Yeah, you know, it depends. And again, it’s going to be dependent on the age of the child. So generally, I’ll say most people are doing that past two year olds. Some some children will find that they’re not nursing during the day because the their mother is back at work so they’re not under I’m usually after year olds, a lot of moms will start to wean off of pumping during the day at work. So they’re not really breastfeeding during the day, it may be that they only breastfeed at night. Or it could go the opposite direction where they’re breastfeeding only during the day. And they’re wanting to do the night weaning process with their child’s. And that’s, you know, a very individual decision usually made by the family as a whole. Some children do really well with it. But anytime you’re doing meaning, unless it’s because of a medical thing, like, again, chemotherapy or a breast surgery are something that would immediately like you need to cease breastfeeding, you do not want to go through the weaning process rapidly. There are a lot of risks to that not just mastitis and clogged ducts and those sorts of things. But also a very dramatic shift in your hormones that can affect your mood, amongst other things as a mom, but then also, it’s really difficult for your child, especially one who’s really young and doesn’t have language skills yet and is, you know, developing emotionally, they had to, you know, they have that ability to nurse all that time for all of this comfort, and all of a sudden, cold turkey, you cut it out, it’s really hard for them to come to terms with that. So we always recommend taking a slow, gentle approach when that’s appropriate.
Brittany Dougherty: 11:24
Do you have suggestions for different approaches that moms could take in the weaning preface?
Jacqueline Kincer: 11:31
Yeah, absolutely. One of the first things I always recommend is that, instead of trying to cut out nursing sessions, just you know, reducing the number of nursing sessions right away, what I usually suggest is actually just reducing the time that you’re allowing your child to nurse. So again, it’s about being gradual, and it’s about being gentle about it. So you’re not outright denying the nursing, but you’re just cutting down on that time, it’s the same advice I would give to a mother who’s wanting to wean off a pumping, you wouldn’t just cut out a pumping session, you would go from pumping for 15 minutes to 10 is stay there for a few days. Now check in with your body, see how you’re feeling and then eventually reduce it to five minutes, and then eventually cut it all together. It’s gonna work similarly with nursing sessions as well. And some tricks that I try to offer my clients and some tips or things like you could set a timer, you could sing a song, you could play a song, you could read a book. And then whenever that activity is done, that’s when the nursing stops. But the most important key is, even if you don’t think you know, your child isn’t speaking, or it might seem like they don’t understand, you need to have an open line of communication with them outside of these actual nursing are winning times. So meaning during the day, when your child’s calm and an active state, just have a quick conversation and say, you know, we’re going to start having less milk ease, or boobie or whatever word it is nurses, whatever word you use. And, you know, we’re, we’re just not gonna be able to do that for for as long anymore. And you’re just consistent. And you just say the same message over and over again, you don’t need to Oh, but preparing your child when they’re not nursing, when they’re not going to get emotional about it. And just very matter of fact, stating what’s going to happen, so they know what to expect is going to ease that transition.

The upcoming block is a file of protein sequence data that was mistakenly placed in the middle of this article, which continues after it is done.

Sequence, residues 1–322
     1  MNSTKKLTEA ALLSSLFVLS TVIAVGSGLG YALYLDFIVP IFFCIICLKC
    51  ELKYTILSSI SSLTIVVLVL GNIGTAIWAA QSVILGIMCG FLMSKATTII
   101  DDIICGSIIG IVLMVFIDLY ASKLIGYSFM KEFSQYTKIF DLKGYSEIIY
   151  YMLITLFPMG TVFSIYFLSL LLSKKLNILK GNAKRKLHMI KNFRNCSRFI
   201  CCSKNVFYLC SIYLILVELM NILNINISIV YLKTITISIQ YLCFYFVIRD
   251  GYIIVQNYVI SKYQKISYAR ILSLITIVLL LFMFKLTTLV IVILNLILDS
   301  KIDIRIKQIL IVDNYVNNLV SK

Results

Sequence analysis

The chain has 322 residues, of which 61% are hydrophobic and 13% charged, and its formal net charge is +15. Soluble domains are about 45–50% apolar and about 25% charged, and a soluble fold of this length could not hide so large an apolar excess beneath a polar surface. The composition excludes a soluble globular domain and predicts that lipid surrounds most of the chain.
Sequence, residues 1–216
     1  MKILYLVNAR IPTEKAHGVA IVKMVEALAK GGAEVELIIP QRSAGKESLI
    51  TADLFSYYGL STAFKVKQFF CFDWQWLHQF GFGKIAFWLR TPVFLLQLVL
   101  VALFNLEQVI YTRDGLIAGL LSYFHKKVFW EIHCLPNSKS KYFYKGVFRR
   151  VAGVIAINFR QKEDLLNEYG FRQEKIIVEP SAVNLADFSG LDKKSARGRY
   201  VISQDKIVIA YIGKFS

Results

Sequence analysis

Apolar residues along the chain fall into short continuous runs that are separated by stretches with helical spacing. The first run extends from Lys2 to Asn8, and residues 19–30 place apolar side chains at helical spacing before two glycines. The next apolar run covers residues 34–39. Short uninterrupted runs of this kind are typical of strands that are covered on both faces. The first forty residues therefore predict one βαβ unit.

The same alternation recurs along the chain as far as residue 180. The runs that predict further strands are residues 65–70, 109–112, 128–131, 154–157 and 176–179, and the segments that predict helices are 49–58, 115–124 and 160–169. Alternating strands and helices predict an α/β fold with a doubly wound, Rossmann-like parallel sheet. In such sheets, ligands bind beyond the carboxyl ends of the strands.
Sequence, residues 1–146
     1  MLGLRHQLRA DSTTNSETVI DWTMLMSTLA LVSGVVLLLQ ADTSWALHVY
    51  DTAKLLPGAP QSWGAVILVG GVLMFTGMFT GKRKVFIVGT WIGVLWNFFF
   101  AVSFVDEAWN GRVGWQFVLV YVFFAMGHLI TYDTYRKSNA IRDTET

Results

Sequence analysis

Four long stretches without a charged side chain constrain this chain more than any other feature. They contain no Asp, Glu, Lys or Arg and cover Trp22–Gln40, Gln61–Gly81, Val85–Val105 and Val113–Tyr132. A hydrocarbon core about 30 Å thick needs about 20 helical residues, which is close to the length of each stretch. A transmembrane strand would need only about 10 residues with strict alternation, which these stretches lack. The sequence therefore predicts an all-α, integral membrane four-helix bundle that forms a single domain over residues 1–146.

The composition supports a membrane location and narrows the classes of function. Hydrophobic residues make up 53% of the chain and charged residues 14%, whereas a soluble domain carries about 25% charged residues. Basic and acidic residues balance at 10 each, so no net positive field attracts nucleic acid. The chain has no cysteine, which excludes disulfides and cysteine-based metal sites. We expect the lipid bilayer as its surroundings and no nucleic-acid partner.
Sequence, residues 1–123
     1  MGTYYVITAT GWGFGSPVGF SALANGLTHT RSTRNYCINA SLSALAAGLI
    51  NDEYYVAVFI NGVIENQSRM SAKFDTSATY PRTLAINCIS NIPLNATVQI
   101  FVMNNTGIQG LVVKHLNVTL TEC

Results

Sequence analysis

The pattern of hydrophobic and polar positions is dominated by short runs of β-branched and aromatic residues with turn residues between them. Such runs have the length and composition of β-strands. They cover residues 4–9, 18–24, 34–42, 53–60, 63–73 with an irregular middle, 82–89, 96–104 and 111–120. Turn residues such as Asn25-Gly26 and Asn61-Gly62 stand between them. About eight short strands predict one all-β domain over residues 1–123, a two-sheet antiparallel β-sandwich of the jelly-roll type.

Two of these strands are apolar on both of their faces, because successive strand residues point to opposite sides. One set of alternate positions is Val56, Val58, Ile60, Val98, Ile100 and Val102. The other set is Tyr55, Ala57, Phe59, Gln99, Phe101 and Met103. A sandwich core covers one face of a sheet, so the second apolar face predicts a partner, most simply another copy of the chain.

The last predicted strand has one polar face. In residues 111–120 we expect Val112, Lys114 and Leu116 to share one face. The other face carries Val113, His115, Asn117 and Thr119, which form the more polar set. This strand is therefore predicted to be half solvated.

Brittany Dougherty: 13:23
Oh, yeah. And I think a lot of times our kids understand more than what we think they do. You know, my son’s 14 months old. And there’s a lot of times that I’ll like ask him a question. And he’ll start to not obviously, verbally respond, but like, we’ll start like going to the actions like, do you want to go to the car? Or are you hungry? Do you want some milk and he just like, instantly, like drops what he’s doing and walks over to me like they understand I think more than what we think they do, even though they’re not communicating with us.
Jacqueline Kincer: 13:51
They really do and also trying to give your child a choice in this as well is very, very powerful. And this just comes from a respectful and conscious parenting approach. But really offering them a choice like okay, well milky is all done now. Would you like to have your you know, your lobby or your stuffy? Or would you like to have, you know, a cup of water or, like, just letting them choose an alternative one set activities done? You know, do you want me to read you another story? Or do you want me to snuggle with you like, and just giving them you know, two choices to do instead of nursing, or now they feel empowered, because the one thing you don’t want them to feel like the rug just got pulled out from underneath them. That’s going to really shake their trust in you. It could disrupt the bond with you when you just take it away and you don’t offer other means of comforting them. And the other thing there too, is to really acknowledge your child’s feelings, they may cry, they may get angry, they may hit you they may react in a very unexpected way or or maybe it is expected because you know you’re tails so well. And it’s important that you don’t get frustrated back at them that you don’t take their emotions personally that you are there to support them, let them feel heard and say, I know you feel sad that you can’t nurse anymore right now. But I can hold you or I’m here when you’re ready, or whatever it is, because they really need to, you know, this is a big time, big developmental leap for them really, right. And if you’re upset with them for being upset, now, we’re kind of adding and piling on to this meaning thing not being a positive thing, what we want meaning to be no matter how it has to be done, if it needs to be done rapidly, or if we can take our time, we want it to be a time where we really build up resiliency and our children, get them to a whole new level of emotional growth, because meaning is a milestone, meaning means they’re moving on to sort of the next stage of their childhood. And it should be something that you look back on and feel really good about not feeling guilt, or anxiety, or wishing you had done things differently.